Two of Canada’s notable pioneers in AI have been named co-winners of the 2018 ACM A.M. Turing Award for their work in deep neural networks.
“The growth of and interest in AI is due to the recent advances in deep learning for which Bengio, Hinton, LeCun laid the foundation.”
Geoffrey Hinton, a professor at the University of Toronto (UofT), has been named a recipient of the award, along with Yoshua Bengio, a professor at the University of Montreal. Hinton is also VP and engineering fellow at Google, as well as chief scientific adviser of the Vector Institute. Additionally, Bengio is a scientific director at Mila, Quebec’s Artificial Intelligence Institute. The two Canadians share the award and its $1.3 million CAD prize with Yann LeCun, a professor at New York University and chief AI scientist at Facebook.
Hinton, Bengio, and LeCun have worked independently and together to develop conceptual foundations for AI and contribute engineering advances that have furthered the field of deep neural networks. Deep learning methods are attributed for helping with breakthroughs in computer vision, speech recognition, natural language processing, and robotics.
“Artificial intelligence is now one of the fastest-growing areas in all of science and one of the most talked-about topics in society,” said Association for Computing Machinery (ACM) president, Cherri M. Pancake. “The growth of and interest in AI is due, in no small part, to the recent advances in deep learning for which Bengio, Hinton, and LeCun laid the foundation.”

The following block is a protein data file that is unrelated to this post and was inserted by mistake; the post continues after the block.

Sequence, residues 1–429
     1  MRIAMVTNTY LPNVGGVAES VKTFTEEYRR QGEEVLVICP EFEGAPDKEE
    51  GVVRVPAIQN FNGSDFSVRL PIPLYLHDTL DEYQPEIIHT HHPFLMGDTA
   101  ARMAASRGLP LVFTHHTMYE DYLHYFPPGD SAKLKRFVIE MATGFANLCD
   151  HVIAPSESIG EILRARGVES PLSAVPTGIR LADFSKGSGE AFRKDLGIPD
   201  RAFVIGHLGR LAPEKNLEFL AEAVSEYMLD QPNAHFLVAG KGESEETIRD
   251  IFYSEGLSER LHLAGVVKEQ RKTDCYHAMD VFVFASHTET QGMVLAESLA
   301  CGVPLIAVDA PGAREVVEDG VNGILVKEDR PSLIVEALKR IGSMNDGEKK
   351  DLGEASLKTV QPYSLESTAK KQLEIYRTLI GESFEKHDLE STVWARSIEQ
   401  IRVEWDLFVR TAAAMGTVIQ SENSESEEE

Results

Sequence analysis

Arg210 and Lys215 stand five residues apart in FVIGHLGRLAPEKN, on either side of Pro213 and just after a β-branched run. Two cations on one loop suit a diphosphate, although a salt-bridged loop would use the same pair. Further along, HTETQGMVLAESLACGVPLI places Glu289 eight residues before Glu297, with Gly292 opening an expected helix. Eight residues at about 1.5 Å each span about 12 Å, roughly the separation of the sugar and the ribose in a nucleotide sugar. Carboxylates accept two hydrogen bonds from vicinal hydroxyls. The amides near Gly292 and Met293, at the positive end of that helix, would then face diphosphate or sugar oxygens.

Pancake mentions that anyone who has a smartphone has experienced advances in language processing and computer vision that were not possible 10 years ago.
The prize is often referred to as the “Nobel Prize of Computing,” and is named after Alan Turing, the British mathematician known for his work in computer science, algorithms, and AI.
Last year, Hinton was appointed as a Companion of the Order of Canada by the Governor General, as a result of his contributions to AI. Earlier this week, Hinton gave a speech at UofT when the university was awarded $100 million in funding to build its innovation centre for AI research.
Both have been advocated of the AI and promoting Canada’s role in the industry. Bengio has often discussed how Canada has been “at the forefront” of the AI revolution, and how AI might impact people’s lives going forward. The machine learning pioneer has also signed a letter with other global AI experts and organizations, vowing to play no role in creating autonomous weapons.